Miss Marple: Series IV: They Do It with Mirrors

Sensing danger surrounding her sister Carrie-Louise, Ruth Van Rydock enlists the help of old friend Miss Marple to pay a visit. Carrie-Louise and her third husband, Lewis Serrocold, run a correction facility for young men on their estate, where they also house a rag-tag assortment of family and step family.

As Carrie-Louise's family prepare a musical revue for the inmates of the facility, Miss Marple senses all is not right beneath the veneer. Lewis muddles through a full dress rehearsal in front of the family, but is interrupted by his secretary, the troubled young Edgar Lawson, who is wielding a gun. Edgar is wrestled to the ground by a surprise visitor, Carrie-Louise's second husband, the theater impresario Johnny Restarick. While the drama unfolds, the maid makes a shocking announcement — Carrie-Louise's stepson from her first marriage, Christian Gulbrandsen, who forms part of the trust that maintains the correctional facility, has been murdered in the study.

Examining the note Gulbrandsen was typing before being stabbed, detectives Inspector Curry and Sergeant Lake ascertain that he was trying to warn Carrie-Louise of an attempt to poison her. Marple pierces Inspector Curry's patronizing preconception of her in order to help discover the source of the threat. There appears to be no end of hidden resentments and agendas under Carrie-Louise's roof. Miss Marple realizes that the only way she will discover the root of the danger is if she unravels the conjuring trick played on the night of the murder.

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Warning: Contains significant plot spoilers

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Warning: Contains significant plot spoilers

During tea with her old school chum Ruth Van Rydock, Miss Marple learns that Ruth's eccentric sister, Carrie Louise, has lost her personal papers in a suspicious fire and that someone may wish to do her harm. Miss Marple agrees to investigate.

Arriving at Carrie Louise's estate, Miss Marple finds that it doubles as a home for delinquent young men, thanks to the enlightened social conscience of her (third) husband, Lewis Serrocold, then organizing an amateur play to entertain the inmates. His personal assistant is a troubled youth named Edgar Lawson, who is convinced he is Winston Churchill's son.

The household includes Carrie Louise's daughters from her first marriage: Mildred, who is quiet and embittered, and Mildred's more glamorous adopted sister, Gina, who is married to a taciturn former GI from Wyoming, Wally Hudd.

Also resident is Carrie Louise's stepson from her second marriage, Stephen Restarick, a theater maven like his producer father, Johnny, and a shameless flirt with Gina during rehearsals for the house show.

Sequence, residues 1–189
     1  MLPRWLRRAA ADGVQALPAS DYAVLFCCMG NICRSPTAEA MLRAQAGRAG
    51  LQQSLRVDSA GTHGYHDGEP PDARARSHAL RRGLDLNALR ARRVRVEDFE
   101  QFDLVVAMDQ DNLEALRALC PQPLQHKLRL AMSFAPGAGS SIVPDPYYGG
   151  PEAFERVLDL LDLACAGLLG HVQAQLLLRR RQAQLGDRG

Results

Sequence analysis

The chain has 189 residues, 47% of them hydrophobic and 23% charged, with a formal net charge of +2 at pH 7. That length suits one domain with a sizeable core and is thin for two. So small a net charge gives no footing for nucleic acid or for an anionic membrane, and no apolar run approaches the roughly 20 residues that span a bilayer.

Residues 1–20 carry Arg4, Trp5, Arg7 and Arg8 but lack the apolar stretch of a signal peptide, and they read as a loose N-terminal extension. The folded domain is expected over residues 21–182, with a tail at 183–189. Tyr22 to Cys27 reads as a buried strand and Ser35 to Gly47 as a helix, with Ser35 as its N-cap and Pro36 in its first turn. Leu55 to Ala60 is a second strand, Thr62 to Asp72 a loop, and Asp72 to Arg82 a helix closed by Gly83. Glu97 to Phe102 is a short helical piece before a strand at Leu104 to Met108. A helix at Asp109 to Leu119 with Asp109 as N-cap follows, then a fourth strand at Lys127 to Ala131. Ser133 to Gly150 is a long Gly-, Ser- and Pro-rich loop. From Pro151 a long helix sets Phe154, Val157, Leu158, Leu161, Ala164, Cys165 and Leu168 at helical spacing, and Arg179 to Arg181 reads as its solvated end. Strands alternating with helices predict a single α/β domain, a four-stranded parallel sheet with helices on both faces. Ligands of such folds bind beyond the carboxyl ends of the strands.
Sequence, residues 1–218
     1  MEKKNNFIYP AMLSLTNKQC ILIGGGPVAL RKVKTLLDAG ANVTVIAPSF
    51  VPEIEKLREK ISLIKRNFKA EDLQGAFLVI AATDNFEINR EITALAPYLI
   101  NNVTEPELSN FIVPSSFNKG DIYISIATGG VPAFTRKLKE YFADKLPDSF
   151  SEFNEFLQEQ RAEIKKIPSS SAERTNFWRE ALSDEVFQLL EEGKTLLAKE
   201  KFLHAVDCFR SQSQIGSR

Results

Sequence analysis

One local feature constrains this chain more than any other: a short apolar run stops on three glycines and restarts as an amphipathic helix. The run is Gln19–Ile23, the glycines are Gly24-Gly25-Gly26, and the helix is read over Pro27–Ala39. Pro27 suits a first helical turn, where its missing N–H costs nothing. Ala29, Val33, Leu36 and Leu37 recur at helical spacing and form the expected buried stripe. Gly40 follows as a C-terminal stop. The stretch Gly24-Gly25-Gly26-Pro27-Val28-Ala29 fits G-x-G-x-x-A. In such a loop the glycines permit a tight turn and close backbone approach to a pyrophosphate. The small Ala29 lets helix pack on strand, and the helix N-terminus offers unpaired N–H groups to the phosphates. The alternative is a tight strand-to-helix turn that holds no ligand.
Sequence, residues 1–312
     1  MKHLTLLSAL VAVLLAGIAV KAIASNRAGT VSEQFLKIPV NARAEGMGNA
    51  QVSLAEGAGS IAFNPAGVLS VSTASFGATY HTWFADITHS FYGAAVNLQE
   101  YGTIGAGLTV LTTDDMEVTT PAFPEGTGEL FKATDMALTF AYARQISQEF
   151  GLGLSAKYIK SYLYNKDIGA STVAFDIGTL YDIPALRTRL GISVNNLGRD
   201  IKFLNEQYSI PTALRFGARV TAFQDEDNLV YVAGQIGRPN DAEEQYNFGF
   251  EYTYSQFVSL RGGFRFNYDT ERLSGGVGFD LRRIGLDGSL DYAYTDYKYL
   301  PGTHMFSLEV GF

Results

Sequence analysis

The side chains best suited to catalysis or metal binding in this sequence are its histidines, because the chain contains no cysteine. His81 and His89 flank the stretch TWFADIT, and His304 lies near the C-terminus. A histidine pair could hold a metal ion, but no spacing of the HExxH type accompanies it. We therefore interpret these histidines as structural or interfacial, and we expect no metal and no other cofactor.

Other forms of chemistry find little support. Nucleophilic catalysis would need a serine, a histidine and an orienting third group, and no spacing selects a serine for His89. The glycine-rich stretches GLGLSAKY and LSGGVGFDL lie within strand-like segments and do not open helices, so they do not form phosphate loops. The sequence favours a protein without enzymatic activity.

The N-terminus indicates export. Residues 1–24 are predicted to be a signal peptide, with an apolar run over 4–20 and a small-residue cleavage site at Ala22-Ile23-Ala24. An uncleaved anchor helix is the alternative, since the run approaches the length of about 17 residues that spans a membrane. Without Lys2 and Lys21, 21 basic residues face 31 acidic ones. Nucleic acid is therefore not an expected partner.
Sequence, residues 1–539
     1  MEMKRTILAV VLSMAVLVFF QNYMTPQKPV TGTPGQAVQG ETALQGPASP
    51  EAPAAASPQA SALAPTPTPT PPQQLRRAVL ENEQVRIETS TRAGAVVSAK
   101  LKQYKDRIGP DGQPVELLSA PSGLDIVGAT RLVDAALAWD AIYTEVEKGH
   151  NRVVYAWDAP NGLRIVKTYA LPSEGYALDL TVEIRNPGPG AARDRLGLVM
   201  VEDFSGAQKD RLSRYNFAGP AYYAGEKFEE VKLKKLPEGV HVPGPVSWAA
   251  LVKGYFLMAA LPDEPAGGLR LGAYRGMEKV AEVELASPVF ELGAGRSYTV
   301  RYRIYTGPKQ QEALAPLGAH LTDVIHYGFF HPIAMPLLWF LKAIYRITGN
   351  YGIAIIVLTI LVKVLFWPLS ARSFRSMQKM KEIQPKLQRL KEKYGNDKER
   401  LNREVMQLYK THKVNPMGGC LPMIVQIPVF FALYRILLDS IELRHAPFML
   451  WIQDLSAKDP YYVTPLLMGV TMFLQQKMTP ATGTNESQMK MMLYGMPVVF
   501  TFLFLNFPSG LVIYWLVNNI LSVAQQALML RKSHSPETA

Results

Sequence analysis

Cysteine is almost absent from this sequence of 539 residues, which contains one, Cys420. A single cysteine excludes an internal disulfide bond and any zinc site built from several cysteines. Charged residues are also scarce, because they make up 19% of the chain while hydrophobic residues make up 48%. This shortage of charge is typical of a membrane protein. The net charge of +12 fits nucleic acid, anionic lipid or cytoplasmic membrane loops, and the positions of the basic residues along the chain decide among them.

Appearing unexpectedly is Carrie Louise's stepson from her first marriage, Christian Guldbransen, a silver-haired businessman who is much older than his step-siblings, and who arranges an urgent private meeting with Lewis.

In the evening, all except Christian, who is upstairs typing a letter, assemble for a run-through of the show. Suddenly, the lights go out and Edgar appears with a gun, threatening Lewis; the gun and threats are real.

Everyone reacts differently. Wally disappears to restore power. Lewis flees outside. Stephen plays the piano as if nothing is wrong. Others scramble in the dark. The surprise arrival of Johnny from London saves the day as he disarms Edgar.

However, in the interval Christian has been murdered in his room, leaving a partially written letter warning of a poison plot against Carrie Louise. It later emerges that Gina is the daughter of a woman hanged for a notorious string of poison killings, casting suspicion on her.

Inspector Curry and Sergeant Lake take charge of the case, discovering a very useful colleague in Miss Marple. The three sleuths actually witnesses the next homicide, when Johnny is killed by falling scenery during the premiere of the play.

Taking the theater theme of the murders as a clue, Marple realizes that she and the police have been deceived by a showman's sleight-of-hand. Lewis, she announces, is the mastermind.

It seems he engineered the power failure at the rehearsal, coached Edgar, who turns out to be his son, to play a deranged assailant, and then disappeared during the commotion to run upstairs and stab Christian in the back, using Wally's army knife.

The motive? Lewis was trying to hide fraudulent dealing in the family trust. He had already torched Carrie Louise's papers in the suspicious fire. Then Christian discovered the fraud and was writing an account to Carrie Louise, Lewis killed him and made it appear that the letter concerned a poisoning scheme-a red herring designed to implicate Gina. After Johnny became suspicious of the poisoning story, he was dispatched by Edgar.

Regrettably, Lewis and Edgar drown in an accident following the revelation of their misdeeds.

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